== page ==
It is unclear if this decision will convince the OCFR to change its long-standing position or if plaintiffs will appeal this decision.  Moreover, we note that this decision was issued by a federal district court interpreting Maryland state law and, as such, will not have precedential value in Maryland state courts. While defendants may have prevailed in this federal district court case, servicers should still remain cautious in charging inspection fees when servicing a loan secured by residential real estate in Maryland.

* We would like to thank Associate, David McGee, for his contributions to this blog post.

Recent Cases Deepen the Divide Among Circuits on Standing to Sue for Violations of FACTA

A&B Abstract:

Recent cases by the Eleventh Circuit and the D.C. Circuit deepen the divide among the courts on the standing of consumers to sue for violations of the Fair and Accurate Credit Transactions Act (“FACTA”).  In Muransky v. Godiva Chocolatier, Inc., 922 F.3d 1175 (11th Cir. 2019) and Jeffries v. Volume Services of America, 2019 WL 2750856 (D.C. Cir. July 2, 2019), the courts of appeal have held that the consumer plaintiff had Article III standing under the Supreme Court’s decision in Spokeo, Inc. v. Robins to sue retailers for violation of FACTA’s truncation requirement.  FACTA prohibits retailers from printing “more than the last 5 digits of the credit card number or the expiration date” on the consumer’s receipt.  Prior decisions from the Second, Third, Seventh and Ninth Circuits held that the consumer plaintiff lacked standing to sue the retailer for a violation of FACTA’s truncation requirement absent a resulting tangible injury.


In Muransky, the Eleventh Circuit recently vacated and reissued an earlier ruling holding that a plaintiff had standing under Spokeo to pursue a putative class action for violation of FACTA’s truncation requirement.  In Muransky, the retailer printed a receipt with the plaintiff’s first six and last four digits of his credit card.  After a short period of discovery, the parties settled the case for $6.3 million.  During the approval process, a class member objected to the settlement on the basis that the plaintiff suffered no harm, and class members who had their identities stolen would have their claims barred.  After the district court approved the settlement, the objector appealed.

On appeal, in addition to the objector’s challenge, an amicus brief was filed on behalf of the National Retail Federation, the U.S. Chamber of Commerce, and the International Franchise Association.  These groups argued that plaintiff’s lawyers had “weaponized” FACTA in recent years to force defendants to settle class actions “despite the absence of any actual harm or risk of harm.”  The groups noted recent, significant FACTA class action settlements in the Eleventh Circuit ranging from $2.5 million to $30.9 million.

The Eleventh Circuit affirmed the district court’s approval of the settlement, and rejected the challenge to the plaintiff’s standing.  The court recognized that prior courts in the Second, Third, Seventh and Ninth Circuits had held that consumers lacked standing to pursue lawsuits for violation of FACTA’s truncation requirement, absent some tangible injury.  In Kamal v. J. Crew Group, Inc., 918, F.3d 102 (3d Cir. 2019), the Third Circuit affirmed the dismissal of the consumer’s putative class action.  The Third Circuit held that printing the first six and last four digits of the credit card, without any additional degree of risk, was “a bare procedural violation” that does not create Article III standing.

The decision in Kamal was consistent with prior decisions from the Second Circuit (Crupar-Weinmann v. Paris Baguette Am., Inc., 861 F.3d 76 (2d Cir. 2017)), Seventh Circuit (Meyers v. Nicolet Restaurant of De Pere, LLC, 843 F.3d 724 (7th Cir. 2016)), and Ninth Circuit (Bassett v. ABM Parking Services, Inc., 883 F.3d 776 (9th Cir. 2018)).  Each of those cases involved a violation of the FACTA truncation requirement involving the printing of the credit card expiration date on the receipt.  In each case, the court held that the plaintiff lacked standing to sue.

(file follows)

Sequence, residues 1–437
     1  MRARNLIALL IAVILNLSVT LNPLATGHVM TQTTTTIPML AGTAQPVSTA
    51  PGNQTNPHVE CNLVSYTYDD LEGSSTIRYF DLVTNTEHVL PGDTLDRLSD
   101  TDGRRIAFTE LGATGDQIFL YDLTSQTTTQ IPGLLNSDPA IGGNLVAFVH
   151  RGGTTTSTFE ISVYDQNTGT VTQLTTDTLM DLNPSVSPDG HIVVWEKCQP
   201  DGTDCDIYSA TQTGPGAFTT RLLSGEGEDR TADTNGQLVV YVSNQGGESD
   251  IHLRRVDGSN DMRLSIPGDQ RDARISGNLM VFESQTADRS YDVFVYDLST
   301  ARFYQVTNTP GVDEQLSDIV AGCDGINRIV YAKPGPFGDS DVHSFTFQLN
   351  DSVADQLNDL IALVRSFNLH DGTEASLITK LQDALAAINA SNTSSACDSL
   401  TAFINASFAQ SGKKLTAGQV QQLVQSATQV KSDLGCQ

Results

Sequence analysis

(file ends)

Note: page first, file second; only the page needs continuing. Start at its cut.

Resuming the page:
Even more recently, in Jeffries, the D.C. Circuit followed the reasoning of the Eleventh Circuit in Muransky to reverse the district court’s dismissal of a consumer’s putative class action for violation of FACTA’s truncation requirement on standing grounds.  In that case, the retailer had printed all 16 digits of the plaintiff’s credit card number and the expiration date of the card on the receipt.  These facts were important because the D.C. Circuit recognized that “not every violation of FACTA’s truncation requirement creates a risk of identity theft” sufficient to constitute a concrete injury in fact.  The court specifically cited with approval the expiration date cases from the Second, Seventh and Ninth Circuits, noting that the mere technical violation of printing the expiration date did not create a risk of identity theft triggering a concrete injury in fact.  However, the D.C. Circuit held that the “egregious” FACTA violation of printing all 16 digits and the expiration date created a real risk of harm to the plaintiff because it provided all of the information necessary for a criminal to defraud the plaintiff.


First, the procedural posture of Muransky and the “egregious” facts in Jeffries may have helped lead to their respective results.

In Muransky, the retailer did not challenge the plaintiff’s standing in the district court.  Rather, the standing challenge came from an objector to the settlement of the putative class action.  Thousands of class members had already made claims in the settlement, and the court was likely disinclined to unwind such a settlement due to a single objector.  Regardless, Muransky is nonetheless the law in the Eleventh Circuit, and district courts will be bound to follow it.  Muransky will only increase the already significant number of FACTA class actions brought in that jurisdiction.

In Jeffries, the retailer had printed all 16 digits of the plaintiff’s credit card number and the expiration date of the card on the receipt.  In finding standing, the D.C. Circuit noted the “egregious” nature of the FACTA violation.  Therefore, less “egregious” violations of FACTA can be distinguished from Jeffries, such that the D.C. Circuit may not necessarily become a safe haven for FACTA lawsuits.

Second, the divide among the courts of appeal continues to justify the Supreme Court clarifying the scope of Spokeo.